A dissenting opinion from a writer with always interesting takes:
The idea of a WGA strike in these times, when freedom of expression is a far more fundamental issue than small differences between comparatively large amounts of money, is stunningly tone deaf and offensive.
That’s on a moral level.
On a strategic level, strikes are only effective when one side has both desperation and leverage. The WGA has neither.
I voted for the WGA strike in 2008. I regret it. The tangible benefits to the lives of working writers have never been explained in any relevant or understandable terms. The tangible losses to writers’ lives were painfully clear.
This is a bad idea masquerading as the right thing to do. On every level, it is not.
The issues at stake in the last strike were complex. I thought it was important for writers to get some kind of residual for streaming content. Whether it was necessary or well-executed, I’m not informed enough to answer. There was a layer of silliness to it for sure.
I do feel some energy like “one strike is fine, but two in this short a time is awful much.”
I kind of get that? But: the WGA is sort of the first union down the chain. We’re on the frontier here, that’s why we keep having to fight.
So, that’s my take.
* I saw the number $51 billion thrown around. I have no idea where that came from. Does it include, for instance, Disney’s theme park division? It’s hard to assess how much profit the studios are making. The AMPTP represents over 350 companies. I’m sure some of them are doing terribly!
But, here are some numbers for the bigger companies, from a 2015 Forbes magazine rundown by Natalie Robehmed:
Once the theatrical run of a film is over, studios make money from home video, video on demand, and through syndicating hit TV shows, as 21st Century Fox was able to do with Modern Family. Rupert Murdoch’s 21st Century Fox clocked the second highest profit of the publicly traded studios, earning $1.5 billion in 2014. It measured revenue of $10.3 billion, largely from betting big on books that turned into box office hits hits such as Gone Girl and The Fault in Our Stars.
Undeterred by the failed Comcast/Time Warner merger, NBCUniversal outdid itself and recorded its most profitable year ever. The studio notched $711 million in profit on $5 billion in revenue – the second best ratio in Hollywood.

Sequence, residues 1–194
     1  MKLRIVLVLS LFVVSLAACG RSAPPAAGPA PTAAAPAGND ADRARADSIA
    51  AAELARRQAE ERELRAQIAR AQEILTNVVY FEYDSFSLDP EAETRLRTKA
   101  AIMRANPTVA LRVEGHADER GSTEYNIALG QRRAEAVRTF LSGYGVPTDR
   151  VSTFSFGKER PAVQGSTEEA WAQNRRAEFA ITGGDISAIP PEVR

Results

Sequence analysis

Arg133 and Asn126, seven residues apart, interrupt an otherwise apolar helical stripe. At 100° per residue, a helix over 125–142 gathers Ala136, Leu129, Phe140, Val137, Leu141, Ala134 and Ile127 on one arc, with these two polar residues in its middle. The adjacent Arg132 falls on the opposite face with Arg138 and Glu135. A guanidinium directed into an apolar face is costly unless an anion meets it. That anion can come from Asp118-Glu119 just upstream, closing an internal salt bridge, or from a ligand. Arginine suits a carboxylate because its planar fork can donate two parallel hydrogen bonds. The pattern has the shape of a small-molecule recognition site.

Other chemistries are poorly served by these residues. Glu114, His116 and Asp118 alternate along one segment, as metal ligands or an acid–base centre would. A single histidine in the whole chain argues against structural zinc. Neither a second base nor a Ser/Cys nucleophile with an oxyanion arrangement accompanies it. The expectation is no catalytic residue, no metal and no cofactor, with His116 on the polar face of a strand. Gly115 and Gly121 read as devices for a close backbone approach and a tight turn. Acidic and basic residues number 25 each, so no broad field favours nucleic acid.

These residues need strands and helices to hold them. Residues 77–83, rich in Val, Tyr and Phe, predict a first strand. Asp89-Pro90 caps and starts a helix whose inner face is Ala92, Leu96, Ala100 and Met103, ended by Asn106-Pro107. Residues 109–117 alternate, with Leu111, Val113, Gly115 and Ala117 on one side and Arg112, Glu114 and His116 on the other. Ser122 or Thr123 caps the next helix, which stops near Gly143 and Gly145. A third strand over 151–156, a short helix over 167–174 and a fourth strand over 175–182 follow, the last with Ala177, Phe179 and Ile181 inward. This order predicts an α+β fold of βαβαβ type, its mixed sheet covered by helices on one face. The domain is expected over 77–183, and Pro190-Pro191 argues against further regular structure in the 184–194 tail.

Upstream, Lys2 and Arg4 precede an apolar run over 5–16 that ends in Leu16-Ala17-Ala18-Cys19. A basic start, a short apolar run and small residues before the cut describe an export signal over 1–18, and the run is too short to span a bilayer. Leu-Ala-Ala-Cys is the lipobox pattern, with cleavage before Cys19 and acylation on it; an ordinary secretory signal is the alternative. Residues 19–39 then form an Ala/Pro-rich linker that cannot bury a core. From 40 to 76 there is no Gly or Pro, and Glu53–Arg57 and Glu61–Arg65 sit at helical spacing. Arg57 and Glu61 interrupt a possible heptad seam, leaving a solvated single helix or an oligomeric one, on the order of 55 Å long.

Warner Bros.’ films grossed a collective $4 billion in 2014, but the studio pocketed $1.2 billion in profit from $12.5 billion in revenue. This was up 23% on 2013’s tally. The studio weathered its fair share of flops: Transcendence, Blended and Winter’s Tale all failed to perform. Its pockets were fattened by the last Hobbit movie, plus popcorn cruncher The Lego Movie which has a sequel in the works. The studio is also expanding its $5 billion television business internationally, paying $267 million for production company Eyeworks which operates in 15 countries
etc. There is poor baby Paramount:
The title of least profitable studio goes to the Viacom-owned Paramount. Despite an increase in its films’ performance at the international box office, the filmed entertainment division tallied just $219 million on revenues of $3.7 billion. This was a decrease from 2013, when profit surged thanks to selling distribution rights for Marvel movies to Disney.
Hit me up if you disagree, find factual errors, want to express a contrary view!
from Google Earth. A little closer to the ground:
Something Biblical about roasting lamb chops right on the fire. A true al pastor. Plus it seemed to honor(?) the local fauna:
Of course you need a charcuterie plate.
Working on taking campfire cooking to the next level. HT various campmates for the photos and ideas.
- Foil packeted onions and peppers came out pretty well. More elaborate foil pack meals have been a bust for me. I tried some stew meat / potatoes sitch once, pointless. Keep it simple.
- Wrapping a potato in foil and putting it in the ashes is such a crapshoot. You have to leave it in there for a good hour I believe.
- You always want the cheapest hot dog buns you can find.
- Enjoyed reading these camping experts’ recipes from kayakcritic.net and would like to try Cristina Lash’s cast iron apple cinnamon oatmeal.
Ran into a bartender I’ve seen there before who greeted me by saying “Have you seen Logan yet?”
our local classical radio station, the DJ just said (I’m paraphrasing)
if you like the classical music you’re hearing, roll down your windows and share it with your neighbors!
then he said, mild as all hell,
just a suggestion.
Mirga! I swear I won’t forget
Ottensamer ist clarinet bae.
Clarinetist Andreas Ottensamer’s third solo album is dedicated to the Mannheim School: an 18th-century melting pot of musical revolutionary experimentation.